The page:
Walking the streets of Hawley, or any other old town, it is easy to overlook the great changes in landscape over the decades.


Walking the streets of Hawley, or any other old town, it is easy to overlook the great changes in landscape over the decades.
This had been the domain of the Native American, who were mostly departed from these virgin woodlands by the 1770’s.
Hawley Borough sits on the border with Pike County. The tree-lined hill seen behind the Hawley Silk Mill is part of the northern border of Pike. Marking the border is the now mostly dormant Wallenpaupack Creek, its placid falls lapping the rocks behind the old mill.
When the first late 18th century settlers arrived, this creek was a powerful, cascading river. They quickly saw this as a great advantage for power, and a basis for a new village. Factories harnessing the mighty Wallenpaupack rapids sprung up. The tempest and torrent continued unabated except by nature’s ebb and flow.
It was not until 1926 that a new generation of inhabitants harnessed the same water source for industry, quieting the river but creating a lake- Lake Wallenpaupack. Pennsylvania Power & Light (today, PPL Utilities) initialed a new wave of economic opportunity for the region. Utilizing the lake for hydroelectric power, a bustling tourist economy gradually came to largely replace the age of factories that hummed in Hawley for over a hundred years.
Originally, the settlement we know as Hawley was referred to as Paupack Eddy, for the cascading water turning its great wheels.
Before there was a Paupack Eddy, however, there was a settlement that came to be known as Wilsonville, formed in the 1790’s in the area of what would be the site of PPL’s Wallenpaupack dam. At this stage, there was no Pike County. Wayne County formed in 1798 from Northampton County, and encompassed the entire region of Pike as well.  Pike was created in 1814. For a short time, Wilsonville was used as the county seat for Wayne County.
This hamlet was named for Judge James Wilson, a signer of the Declaration of Independence and a judge of the US Supreme Court. He owned 12,500 acres known as Wallenpaupack Manor, which he acquired from William Penn.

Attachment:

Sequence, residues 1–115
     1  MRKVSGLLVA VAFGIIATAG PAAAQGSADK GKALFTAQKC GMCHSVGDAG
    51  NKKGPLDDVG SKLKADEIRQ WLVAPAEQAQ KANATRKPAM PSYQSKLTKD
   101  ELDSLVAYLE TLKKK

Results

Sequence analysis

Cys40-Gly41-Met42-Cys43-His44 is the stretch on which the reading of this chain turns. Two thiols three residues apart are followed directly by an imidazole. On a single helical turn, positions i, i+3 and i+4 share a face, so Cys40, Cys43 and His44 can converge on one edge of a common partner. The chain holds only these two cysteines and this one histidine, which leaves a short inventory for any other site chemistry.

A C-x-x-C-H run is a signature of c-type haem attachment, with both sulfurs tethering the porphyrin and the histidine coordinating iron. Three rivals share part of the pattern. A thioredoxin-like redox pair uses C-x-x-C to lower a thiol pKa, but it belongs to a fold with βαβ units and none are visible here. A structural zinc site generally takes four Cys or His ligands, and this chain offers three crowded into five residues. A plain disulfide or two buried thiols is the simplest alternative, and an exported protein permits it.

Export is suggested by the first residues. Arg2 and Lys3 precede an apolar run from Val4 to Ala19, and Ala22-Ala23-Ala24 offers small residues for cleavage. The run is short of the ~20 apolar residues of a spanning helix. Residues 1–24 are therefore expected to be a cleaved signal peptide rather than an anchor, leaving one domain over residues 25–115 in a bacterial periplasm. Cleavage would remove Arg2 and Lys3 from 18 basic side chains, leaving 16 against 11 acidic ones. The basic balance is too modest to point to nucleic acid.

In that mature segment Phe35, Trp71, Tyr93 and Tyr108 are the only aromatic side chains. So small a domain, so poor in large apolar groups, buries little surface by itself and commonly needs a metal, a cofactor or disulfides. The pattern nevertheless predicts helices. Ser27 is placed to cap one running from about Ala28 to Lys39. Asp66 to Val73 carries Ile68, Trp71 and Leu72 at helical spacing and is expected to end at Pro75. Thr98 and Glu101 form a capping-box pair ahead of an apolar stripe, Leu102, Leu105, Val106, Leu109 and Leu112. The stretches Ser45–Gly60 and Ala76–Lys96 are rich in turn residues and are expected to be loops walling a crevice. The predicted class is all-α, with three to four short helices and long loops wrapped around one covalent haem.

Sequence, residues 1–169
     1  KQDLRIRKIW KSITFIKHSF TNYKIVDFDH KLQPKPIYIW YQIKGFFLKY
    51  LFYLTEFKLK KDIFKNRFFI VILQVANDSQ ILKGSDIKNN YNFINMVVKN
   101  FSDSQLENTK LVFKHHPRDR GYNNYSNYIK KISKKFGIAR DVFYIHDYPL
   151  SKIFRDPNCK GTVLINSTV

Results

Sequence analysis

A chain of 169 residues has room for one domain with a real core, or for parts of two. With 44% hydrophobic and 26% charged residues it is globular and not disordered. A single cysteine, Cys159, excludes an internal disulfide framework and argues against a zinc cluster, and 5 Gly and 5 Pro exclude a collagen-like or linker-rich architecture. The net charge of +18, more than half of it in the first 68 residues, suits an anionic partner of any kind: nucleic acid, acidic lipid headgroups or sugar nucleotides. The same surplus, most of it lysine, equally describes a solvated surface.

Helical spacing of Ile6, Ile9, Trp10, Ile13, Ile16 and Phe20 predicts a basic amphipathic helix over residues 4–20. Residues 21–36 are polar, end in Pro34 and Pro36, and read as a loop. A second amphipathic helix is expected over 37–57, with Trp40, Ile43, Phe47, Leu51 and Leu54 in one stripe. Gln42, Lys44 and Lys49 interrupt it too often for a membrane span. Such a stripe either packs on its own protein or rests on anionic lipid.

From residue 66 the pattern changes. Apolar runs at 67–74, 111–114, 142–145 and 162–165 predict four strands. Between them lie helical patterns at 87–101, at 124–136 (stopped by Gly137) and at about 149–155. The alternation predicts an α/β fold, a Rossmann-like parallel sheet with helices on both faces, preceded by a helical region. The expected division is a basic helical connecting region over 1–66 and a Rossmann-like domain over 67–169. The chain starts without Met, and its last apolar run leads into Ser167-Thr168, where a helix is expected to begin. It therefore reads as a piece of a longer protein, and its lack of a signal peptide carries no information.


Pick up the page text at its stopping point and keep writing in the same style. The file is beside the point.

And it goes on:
Wilson originally surveyed in the area of what became known as the Eddy section of Hawley Borough. He first built a grist and saw mill just below Wilsonville, which was 70 feet high. In 1792, Wilson started to build a large factory for the manufacture of fabrics from flax and hemp.
The site of this factory was at the Eddy, and measured 40 feet square. The factory cost between $10,000 and $12,000.
The ground proved unsuitable for growing hemp and flax, and the project failed. Benjamin Kellam and others later burned the factory to make use of the iron.
 Prior to Wilson’s factory, Reuben, Alpheus and Alexander Jones and a sister known as widow Cook, settled below the mouth of the Middle Creek. Reuben was captured by the Indians shortly after the battle of Wyoming in 1775, but escaped by outrunning his captors in a friendly race. Other early settlers included Elisha Ames,  Benjamin Haines and Robert Hanna, the last who erected a mill. In 1810, Joseph Atkinson arrived from Kimbles and went to work at the same mill, now owned by George Neldin.  At that time the only residents in the settlement were Neldins, the Joneses and an African American man named Prince Rose and his wife, a former slave, who lived in a hut across the Paupack River. In 1812, the Atkinsons had a child, John - the first white child born in the settlement. In 1820, Neldin set up a large frame house and used it for a tavern.
Joseph Atkinson purchased the mill in 1821.
The first recorded marriage in Paupack Eddy occurred in 1824, when Elizabeth Atkinson (Joseph’s daughter) was married to Dan McFarland. Soon after the Joneses arrived, a road was from Wilsonville to Paupack Eddy. Trails connected with it from other settlements, connecting the scattered settlers with Bethany and Milford.
Several more families had settled on the east side of the Lackawaxen River- where Hudson Street (Route 590) is found. It was in this neighborhood that the first store was opened by Jonathan Brink, in 1827.
The town had not yet expanded west of the Middle Creek where we find today’s downtown.
 Other stores came as well. Brink’s store catered to the lumbermen, who were rafting logs from the mill at Paupack Eddy down the Lackawaxen. These logs were taken down the Delaware River with other rafting traffic that had become a prosperous industry.
James Wheeling opened a private school in 1822, in Brink’s log houses, at the Eddy. He had about a dozen pupils. Paupack Eddy began to grow as a village when the Delaware & Hudson (D&H) Canal Company was constructed in the 1820’s, coming down from Honesdale. The Canal Company began operating in 1828.
Irish immigrant laborers needed to dig the Lackawaxen section of the canal were housed in a barracks at Paupack Eddy on the east side. Drunken brawls were known to erupt between Irish and German laborers housed in a different barracks a mile away.
What was one a virgin landscape of tall white pine, was quickly taking on an atmosphere of industry and settlements. It was still another quarter century before the busy Pennsylvania Coal Company would construct its gravity rail system here, and another era of development would be launched.
What would be known as Hawley was fast becoming a thriving town.
A principal source was History of Wayne, Pike & Monroe Counties, Pa. by Alfred Mathews (1886).